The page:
In the English tradition, the Heroic Age is best exemplified by the epic Beowulf, which, like the Greek epics, probably began its life as an oral tradition (or perhaps traditions) before it was written down. Beowulf, for those of you who have not read it, has the strength of 30 men in his hand, which comes in handy in his battle with Grendel, which, in its first visit to Hrothgar’s hall, ate 30 men. But there are actually at least a couple of poems based on actual historical events, namely “The Battle of Maldon” and “The Battle of Brunanburh,” which also reflect the characteristics of the Heroic Age.
One of the features of the heroes of the Anglo-Saxon literature is that they have to be verbally proficient as well as physically adept. The way the verbal skills manifests is through speeches called flytings. A flyting is “a ritual, poetic exchange of insults practiced mainly between the 5th and 16th centuries. The root is the Old English word flītan meaning ‘quarrel’” (https://en.wikipedia.org/wiki/Flyting). The characters who engage in these flytings not only insult the other person but also defend themselves against the assertions of their opponents, and the defenses sound an awful lot like boasting. Beowulf tells us how he swam the sea in his armor, with his sword, and fought sea monsters, which is why he lost a swimming race—he killed seven of the monsters who tried to kill him by dragging him to the bottom of the sea. Pretty impressive.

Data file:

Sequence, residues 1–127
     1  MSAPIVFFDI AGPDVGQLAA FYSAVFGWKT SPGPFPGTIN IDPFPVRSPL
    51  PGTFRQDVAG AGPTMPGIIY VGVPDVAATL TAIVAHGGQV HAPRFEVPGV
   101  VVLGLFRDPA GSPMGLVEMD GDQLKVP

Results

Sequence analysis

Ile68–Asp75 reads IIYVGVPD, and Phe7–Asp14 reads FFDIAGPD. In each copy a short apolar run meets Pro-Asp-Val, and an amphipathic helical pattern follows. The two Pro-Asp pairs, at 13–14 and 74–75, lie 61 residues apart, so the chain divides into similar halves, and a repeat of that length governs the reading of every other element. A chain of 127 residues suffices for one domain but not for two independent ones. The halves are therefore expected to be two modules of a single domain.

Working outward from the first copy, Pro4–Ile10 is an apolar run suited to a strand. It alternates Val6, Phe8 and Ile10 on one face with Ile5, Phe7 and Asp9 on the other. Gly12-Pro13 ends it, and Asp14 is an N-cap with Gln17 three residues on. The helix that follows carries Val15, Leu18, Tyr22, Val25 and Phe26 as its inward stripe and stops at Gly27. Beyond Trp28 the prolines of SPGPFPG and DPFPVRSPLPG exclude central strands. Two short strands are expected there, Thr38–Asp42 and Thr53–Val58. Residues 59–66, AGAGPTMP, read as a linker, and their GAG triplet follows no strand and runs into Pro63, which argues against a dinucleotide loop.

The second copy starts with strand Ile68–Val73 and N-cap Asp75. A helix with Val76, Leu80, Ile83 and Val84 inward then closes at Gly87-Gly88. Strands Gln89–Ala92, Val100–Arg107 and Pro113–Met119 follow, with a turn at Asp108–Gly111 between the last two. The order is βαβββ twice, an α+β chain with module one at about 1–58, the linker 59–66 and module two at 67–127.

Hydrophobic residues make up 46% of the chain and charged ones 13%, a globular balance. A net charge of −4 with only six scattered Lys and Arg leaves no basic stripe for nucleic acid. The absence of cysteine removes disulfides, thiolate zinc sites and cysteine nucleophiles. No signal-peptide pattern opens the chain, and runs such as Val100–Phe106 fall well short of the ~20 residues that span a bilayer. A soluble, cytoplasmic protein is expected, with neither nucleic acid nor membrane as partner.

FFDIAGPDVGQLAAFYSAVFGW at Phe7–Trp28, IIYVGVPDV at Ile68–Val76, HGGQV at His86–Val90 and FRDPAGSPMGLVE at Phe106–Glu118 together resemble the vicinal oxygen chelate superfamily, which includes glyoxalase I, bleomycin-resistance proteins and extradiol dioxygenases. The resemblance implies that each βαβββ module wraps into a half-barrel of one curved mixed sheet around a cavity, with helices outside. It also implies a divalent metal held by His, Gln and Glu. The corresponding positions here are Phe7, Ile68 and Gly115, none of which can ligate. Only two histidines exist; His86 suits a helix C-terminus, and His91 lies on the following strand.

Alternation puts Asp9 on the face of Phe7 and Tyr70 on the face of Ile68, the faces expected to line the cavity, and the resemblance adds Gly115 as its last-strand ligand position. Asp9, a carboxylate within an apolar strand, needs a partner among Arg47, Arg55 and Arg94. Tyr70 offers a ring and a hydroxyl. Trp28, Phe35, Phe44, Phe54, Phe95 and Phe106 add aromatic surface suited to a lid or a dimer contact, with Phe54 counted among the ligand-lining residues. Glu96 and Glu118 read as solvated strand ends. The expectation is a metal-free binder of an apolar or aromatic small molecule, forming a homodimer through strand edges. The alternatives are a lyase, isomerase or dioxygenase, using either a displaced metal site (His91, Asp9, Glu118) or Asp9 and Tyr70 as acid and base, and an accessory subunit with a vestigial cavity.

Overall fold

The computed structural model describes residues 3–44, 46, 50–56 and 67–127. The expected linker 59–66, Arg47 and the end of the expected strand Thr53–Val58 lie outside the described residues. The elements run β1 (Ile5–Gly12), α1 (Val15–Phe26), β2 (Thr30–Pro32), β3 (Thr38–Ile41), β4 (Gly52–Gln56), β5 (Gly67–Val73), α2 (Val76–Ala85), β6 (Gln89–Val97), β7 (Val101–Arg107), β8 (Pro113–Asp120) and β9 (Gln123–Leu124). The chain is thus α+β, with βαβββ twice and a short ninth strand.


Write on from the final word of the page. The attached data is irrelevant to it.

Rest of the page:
Of course, in order to brag about your physical prowess, you have to have it and use it. You have to fight. In the Heroic Age, and in a heroic culture, fighting is essential to gaining glory. The fact that the glory is essentially transitory, since none of those heroes got to keep the winnings from their heroism beyond their own deaths, makes such boasting seem a bit pointless.
One of the reasons the world is less violent today than at any time in human history (see Pinker, Stephen, The Better Angels of Our Nature, 2011 or Enlightenment Now, 2018) is that we have dropped the reverence for the Heroic ideals. And one of the reasons that we have moved away from the violence of those Heroic ideals is the advent of Christianity, a religion which privileges non-violence and humility, virtues that are not virtues in the Heroic Age.
So Telemachus (the saint, not the son of Odysseus) wins, through his death, an instance of the cultural battle between the ideals of the Heroic Age and those of the Christian Age. Personally, I am glad that the Christian Age won out, for a variety of reasons. But I won’t brag about it, especially since I had nothing to do with it except benefit from it. And bragging would be vainglory.
The image is the martyrdom of Telemachus from John Foxe’s Book of Martyrs (1563). Foxe’s version of the story does not agree with Theodoret’s in that Foxe’s version has the gladiators stab Saint Telemachus to death. The caption says, “Telemachus separates the gladiators and loses his own life.”